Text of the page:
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PUBLICATION: Healthcare workers’ perspectives on coronavirus testing availability: a cross sectional survey

IS-2 Scholar, Elena Byhoff, MD, MSc, (2021 Cohort) was first author of the recently published work in the BMC Health Services Research – Healthcare workers’ perspectives on coronavirus testing availability: a cross sectional survey.



Studies on the impact of the novel SARS-CoV-2 virus (COVID) for healthcare workers (HCWs) rarely include the full spectrum of hospital workers, including less visible patient support roles. In the early days of the pandemic, COVID testing was preferentially available to HCWs. The objective of this study was to understand how individual experiences for all HCWs during the pandemic were associated with perceptions of access to, and receipt of COVID testing .


All hospital employees (n = 6736) in a single academic medical center in Boston, Massachusetts were invited to participate in a cross-sectional survey regarding perceived access to, and receipt of COVID testing during the first wave of the pandemic (March – August 2020). Responses were linked to human resources data. Log binomial univariate and multivariable models were used to estimate associations between individual and employment variables and COVID testing.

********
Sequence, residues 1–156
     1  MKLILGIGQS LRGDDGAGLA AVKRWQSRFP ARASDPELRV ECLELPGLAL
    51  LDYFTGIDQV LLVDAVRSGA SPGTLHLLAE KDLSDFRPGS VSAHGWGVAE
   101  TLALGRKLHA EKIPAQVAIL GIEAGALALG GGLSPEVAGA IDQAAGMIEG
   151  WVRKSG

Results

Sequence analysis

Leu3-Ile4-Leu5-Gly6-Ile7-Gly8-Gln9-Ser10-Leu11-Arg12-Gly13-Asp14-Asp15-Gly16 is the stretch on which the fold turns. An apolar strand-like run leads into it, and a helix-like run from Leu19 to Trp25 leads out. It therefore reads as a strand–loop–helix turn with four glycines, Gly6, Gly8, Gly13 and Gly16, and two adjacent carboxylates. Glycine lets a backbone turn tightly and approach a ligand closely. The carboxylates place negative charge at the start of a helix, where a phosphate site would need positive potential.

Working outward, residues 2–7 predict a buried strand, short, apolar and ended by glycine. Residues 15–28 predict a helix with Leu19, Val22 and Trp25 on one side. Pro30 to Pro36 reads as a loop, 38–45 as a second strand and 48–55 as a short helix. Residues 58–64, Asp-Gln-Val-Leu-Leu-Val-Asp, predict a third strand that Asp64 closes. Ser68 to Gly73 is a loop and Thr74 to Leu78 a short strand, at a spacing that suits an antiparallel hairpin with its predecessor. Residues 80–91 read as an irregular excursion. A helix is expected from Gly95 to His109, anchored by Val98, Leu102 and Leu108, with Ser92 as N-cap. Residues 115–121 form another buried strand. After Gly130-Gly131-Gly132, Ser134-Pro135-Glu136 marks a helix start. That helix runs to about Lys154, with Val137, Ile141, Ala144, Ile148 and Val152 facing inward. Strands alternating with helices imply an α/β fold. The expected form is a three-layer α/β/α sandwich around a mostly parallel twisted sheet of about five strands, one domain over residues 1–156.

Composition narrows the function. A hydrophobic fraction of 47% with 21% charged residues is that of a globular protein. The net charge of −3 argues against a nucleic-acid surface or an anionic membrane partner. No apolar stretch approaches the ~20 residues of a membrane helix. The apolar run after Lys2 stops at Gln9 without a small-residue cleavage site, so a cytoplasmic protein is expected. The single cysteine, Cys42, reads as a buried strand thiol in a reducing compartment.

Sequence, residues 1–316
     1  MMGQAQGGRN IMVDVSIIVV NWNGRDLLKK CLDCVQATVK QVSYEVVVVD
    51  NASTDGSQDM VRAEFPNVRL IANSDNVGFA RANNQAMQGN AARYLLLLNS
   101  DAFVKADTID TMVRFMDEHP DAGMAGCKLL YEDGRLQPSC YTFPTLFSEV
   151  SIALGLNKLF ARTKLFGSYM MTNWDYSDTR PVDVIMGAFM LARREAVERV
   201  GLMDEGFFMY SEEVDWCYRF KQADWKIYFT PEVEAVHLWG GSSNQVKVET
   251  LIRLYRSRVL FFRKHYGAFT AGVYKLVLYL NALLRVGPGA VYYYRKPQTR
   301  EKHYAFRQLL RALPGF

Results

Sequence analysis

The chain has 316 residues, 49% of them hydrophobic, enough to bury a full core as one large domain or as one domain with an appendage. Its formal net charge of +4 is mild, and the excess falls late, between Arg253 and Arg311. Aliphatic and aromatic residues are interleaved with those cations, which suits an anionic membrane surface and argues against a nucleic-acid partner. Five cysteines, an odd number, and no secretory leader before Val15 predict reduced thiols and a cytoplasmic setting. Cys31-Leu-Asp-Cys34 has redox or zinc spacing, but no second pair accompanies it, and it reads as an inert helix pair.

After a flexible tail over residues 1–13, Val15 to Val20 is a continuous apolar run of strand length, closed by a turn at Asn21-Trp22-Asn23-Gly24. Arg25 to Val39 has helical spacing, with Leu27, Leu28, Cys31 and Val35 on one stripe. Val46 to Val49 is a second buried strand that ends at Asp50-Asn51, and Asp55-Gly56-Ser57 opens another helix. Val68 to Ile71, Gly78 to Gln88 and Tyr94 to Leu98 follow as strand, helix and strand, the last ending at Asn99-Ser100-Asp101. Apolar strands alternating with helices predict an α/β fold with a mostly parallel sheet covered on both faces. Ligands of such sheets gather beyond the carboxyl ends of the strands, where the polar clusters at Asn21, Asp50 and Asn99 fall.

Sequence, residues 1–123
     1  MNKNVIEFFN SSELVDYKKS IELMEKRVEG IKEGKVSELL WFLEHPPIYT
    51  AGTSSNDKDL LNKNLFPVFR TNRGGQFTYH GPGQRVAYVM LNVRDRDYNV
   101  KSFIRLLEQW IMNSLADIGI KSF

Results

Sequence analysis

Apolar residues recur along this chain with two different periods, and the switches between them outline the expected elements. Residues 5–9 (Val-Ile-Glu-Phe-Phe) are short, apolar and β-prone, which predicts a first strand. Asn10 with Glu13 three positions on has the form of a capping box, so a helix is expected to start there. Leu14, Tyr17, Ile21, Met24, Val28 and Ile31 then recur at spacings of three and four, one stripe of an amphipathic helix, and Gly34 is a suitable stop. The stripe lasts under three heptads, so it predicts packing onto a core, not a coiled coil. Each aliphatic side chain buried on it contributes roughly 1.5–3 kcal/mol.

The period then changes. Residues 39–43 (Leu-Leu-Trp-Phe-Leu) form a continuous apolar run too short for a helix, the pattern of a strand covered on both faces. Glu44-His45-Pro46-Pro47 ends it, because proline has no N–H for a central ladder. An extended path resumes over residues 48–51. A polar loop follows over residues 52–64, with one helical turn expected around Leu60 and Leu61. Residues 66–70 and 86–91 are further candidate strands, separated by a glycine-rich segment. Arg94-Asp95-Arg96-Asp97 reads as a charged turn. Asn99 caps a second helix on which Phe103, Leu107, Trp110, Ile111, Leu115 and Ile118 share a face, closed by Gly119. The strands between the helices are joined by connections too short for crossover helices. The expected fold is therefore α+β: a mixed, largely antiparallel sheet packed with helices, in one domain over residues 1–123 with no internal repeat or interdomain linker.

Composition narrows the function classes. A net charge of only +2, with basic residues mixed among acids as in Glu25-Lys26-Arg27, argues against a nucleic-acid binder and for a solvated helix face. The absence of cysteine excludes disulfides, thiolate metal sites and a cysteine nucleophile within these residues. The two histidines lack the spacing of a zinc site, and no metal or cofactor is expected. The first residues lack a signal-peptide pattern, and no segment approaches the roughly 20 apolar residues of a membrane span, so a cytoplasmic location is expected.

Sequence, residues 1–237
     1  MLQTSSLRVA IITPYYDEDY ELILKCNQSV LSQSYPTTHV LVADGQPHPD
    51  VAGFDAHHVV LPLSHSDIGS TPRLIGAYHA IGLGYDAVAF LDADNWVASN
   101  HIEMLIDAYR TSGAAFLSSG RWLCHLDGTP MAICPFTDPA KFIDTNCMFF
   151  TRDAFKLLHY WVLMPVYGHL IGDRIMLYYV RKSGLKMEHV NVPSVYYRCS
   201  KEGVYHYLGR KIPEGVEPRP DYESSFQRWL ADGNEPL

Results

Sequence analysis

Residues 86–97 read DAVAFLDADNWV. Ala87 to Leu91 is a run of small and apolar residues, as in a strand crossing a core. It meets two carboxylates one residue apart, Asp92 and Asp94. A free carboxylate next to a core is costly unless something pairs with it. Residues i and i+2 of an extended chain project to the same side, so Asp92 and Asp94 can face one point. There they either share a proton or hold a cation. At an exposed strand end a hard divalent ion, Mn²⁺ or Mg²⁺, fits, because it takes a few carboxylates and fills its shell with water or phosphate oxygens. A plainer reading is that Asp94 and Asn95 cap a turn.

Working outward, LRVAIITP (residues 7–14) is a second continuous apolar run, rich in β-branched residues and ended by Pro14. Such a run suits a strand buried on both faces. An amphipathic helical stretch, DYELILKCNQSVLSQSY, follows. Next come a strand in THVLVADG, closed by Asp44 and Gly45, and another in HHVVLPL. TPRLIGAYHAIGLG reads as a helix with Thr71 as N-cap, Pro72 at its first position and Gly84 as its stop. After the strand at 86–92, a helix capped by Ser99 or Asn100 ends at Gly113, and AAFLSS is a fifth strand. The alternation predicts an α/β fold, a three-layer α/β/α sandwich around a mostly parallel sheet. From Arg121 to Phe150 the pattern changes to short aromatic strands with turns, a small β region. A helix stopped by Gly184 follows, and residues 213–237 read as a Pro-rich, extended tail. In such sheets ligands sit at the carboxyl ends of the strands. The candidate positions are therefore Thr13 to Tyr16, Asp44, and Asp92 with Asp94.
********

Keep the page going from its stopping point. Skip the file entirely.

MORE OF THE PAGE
A total of 2543 employees responded to the survey (38 %). The mean age was 40 years (± 14). Respondents were female (76 %), white (55 %), worked as nurses (27 %), administrators (22 %) and patient support roles (22 %); 56 % of respondents wanted COVID testing. Age (RR 0.91, CI 0.88–0.93), full time status (RR 0.85, CI 0.79–0.92), employment tenure (RR 0.96, CI 0.94–0.98), changes in quality of life (RR 0.94, CI 0.91–0.96), changes in job duties (RR 1.19, CI 1.03–1.37), and worry about enough paid sick leave (RR 1.21, CI 1.12–1.30) were associated with interest in testing. Administrators (RR 0.64, CI 0.58–0.72) and patient support staff (RR 0.85, CI 0.78–0.92) were less likely than nurses to want testing. Age (RR 1.04, CI 1.01–1.07), material hardships (RR 0.87, CI 0.79–0.96), and employer sponsored insurance (RR 1.10, CI 1.00-1.22) were associated with receiving a COVID test. Among all employees, only administrative/facilities staff were less likely to receive COVID testing (RR 0.69, CI 0.59–0.79).


This study adds to our understanding of how hospital employees view availability of COVID testing. Hazard pay or other supports for hospital workers may increase COVID testing rates. These findings may be applicable to perceived barriers towards vaccination receipt.

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